Liver section of mice treated with melatonin showing less evidence of the most of the pathological changes previously mentioned in untreated-infected mice (X400, HandE)
|Fig. 15:|| |
PAS-stained liver section showing moderate accumulations of glycogen seen as pink areas throughout the section. (X 200)
Intestinal section of S. mansoni infected mice showing granuloma formation around schistosoma eggs in submucosa of the intestine
|Fig. 17:||Intestinal section of mice treated with N. sativa showing no effect on granuloma formation|
|Fig. 18:|| |
Liver section of mice treated with melatonin showing a noticeable suppressive on fibrosis and granuloma formation. (HandE X200)
Intestinal sections of S. mansoni infected mice showing many fibrotic areas in blue extended as thin continuous bands (◀)
|Fig. 20:|| |
Intestinal section of mice treated with N. sativa oil showing many fibrotic areas in blue (◀)
|Fig. 21:|| |
Intestinal section of mice treated with melatonin showing very few fibrotic areas (Massons triple stain, X 200)
|Fig. 22:|| |
Kidney section of S. mansoni infected mice showing glomerulus congestion (↙), bleeding (◀) and degeneration of some tubules of kidney cortex (⇒)
|Fig. 23 and 24:|| |
Kidney section of mice treated with either N. sativa oil or melatonin, respectively, showing amelioration of the previously mentioned changes (HandE, X 200)
However, treatments with melatonin ameliorated most of the pathological changes previously mentioned in untreated-infected group and this enhancement was shown by the decrease in the numbers and area of necrotic foci with the less evidence of the previously mentioned degenerative change (Fig. 14). Meanwhile a significant improvement in the glycogen content was detected compared to the untreated groups (Fig. 15).
Histopathological findings revealed granulomas formation around schistosoma eggs in muscularis and submucosa of the intestine (Fig. 16). Granulomas showed mixture of productive and exudative features but it is generally smaller than liver granuloma. However, all components of extracellular matrix revealed in the liver were also present in granulomas of intestine, although always in smaller amount; granulomas predominantly consisted of eosinophilic, lymphocytes and macrophages. Treatment of infected mice with N. sativa oil had no suppressive effect on granuloma formation in the intestine compared to the infected-untreated mice (Fig. 17). In contrast, melatonin treatment showed a remarkable suppressive effect on collagen fibers and granuloma formation (Fig. 18). However, Massons stained liver sections revealed the formation of typical granuloma of intestine in both infected-untreated and N. sativa oil-treated mice (Fig. 19 and 20). The fibrosis pattern in intestine formed as thin continuous bands of collagen fibers in the submucosa while in liver, fibrosis was mainly detected inside granulomas. Melatonin treatment showed a remarkable suppressive effect on granuloma formation and on fibrosis as shown in Massons stained liver section (Fig. 21).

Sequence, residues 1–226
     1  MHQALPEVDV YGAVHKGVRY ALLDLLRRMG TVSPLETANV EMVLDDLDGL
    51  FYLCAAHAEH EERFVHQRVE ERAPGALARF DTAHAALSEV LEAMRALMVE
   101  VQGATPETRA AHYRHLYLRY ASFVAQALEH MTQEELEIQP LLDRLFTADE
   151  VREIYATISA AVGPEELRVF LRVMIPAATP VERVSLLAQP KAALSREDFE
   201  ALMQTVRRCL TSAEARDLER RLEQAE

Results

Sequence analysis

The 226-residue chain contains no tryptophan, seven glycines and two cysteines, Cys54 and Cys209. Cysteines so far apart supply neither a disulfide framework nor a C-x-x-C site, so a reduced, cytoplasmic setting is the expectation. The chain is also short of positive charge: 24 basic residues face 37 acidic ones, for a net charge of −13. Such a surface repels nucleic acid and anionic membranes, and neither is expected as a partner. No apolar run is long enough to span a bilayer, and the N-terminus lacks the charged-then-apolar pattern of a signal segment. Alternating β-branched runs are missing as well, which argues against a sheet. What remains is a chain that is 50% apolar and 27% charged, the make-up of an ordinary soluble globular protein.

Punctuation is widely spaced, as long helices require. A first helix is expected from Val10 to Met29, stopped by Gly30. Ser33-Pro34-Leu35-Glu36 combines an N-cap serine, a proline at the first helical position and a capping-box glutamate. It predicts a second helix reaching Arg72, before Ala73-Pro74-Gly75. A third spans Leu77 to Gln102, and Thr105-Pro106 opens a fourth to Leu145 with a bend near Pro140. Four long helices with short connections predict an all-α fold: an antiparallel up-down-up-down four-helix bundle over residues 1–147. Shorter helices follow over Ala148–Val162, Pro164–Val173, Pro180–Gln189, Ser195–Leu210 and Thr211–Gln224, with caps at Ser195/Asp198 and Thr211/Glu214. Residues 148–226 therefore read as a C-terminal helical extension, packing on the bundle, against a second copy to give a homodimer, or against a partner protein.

Moreover, histopathological study on kidney of mice infected with S. mansoni revealed the presence of glomerulus congestion, bleeding and degeneration with necrotic cells in some tubules of the kidney cortex (Fig. 22). Both oil and Melatonin administration after S. mansoni infection prevented most of the previously described changes (Fig. 23 and 24).
N. sativa oil has a remarkable anthelminthic activity associated with an enhancement in the antioxidant capacity. Meanwhile, melatonin treatment was highly effective in ameliorated the S. mansoni-induced perturbations in the liver function biomarkers (El-Shenawy and Soliman, 2003).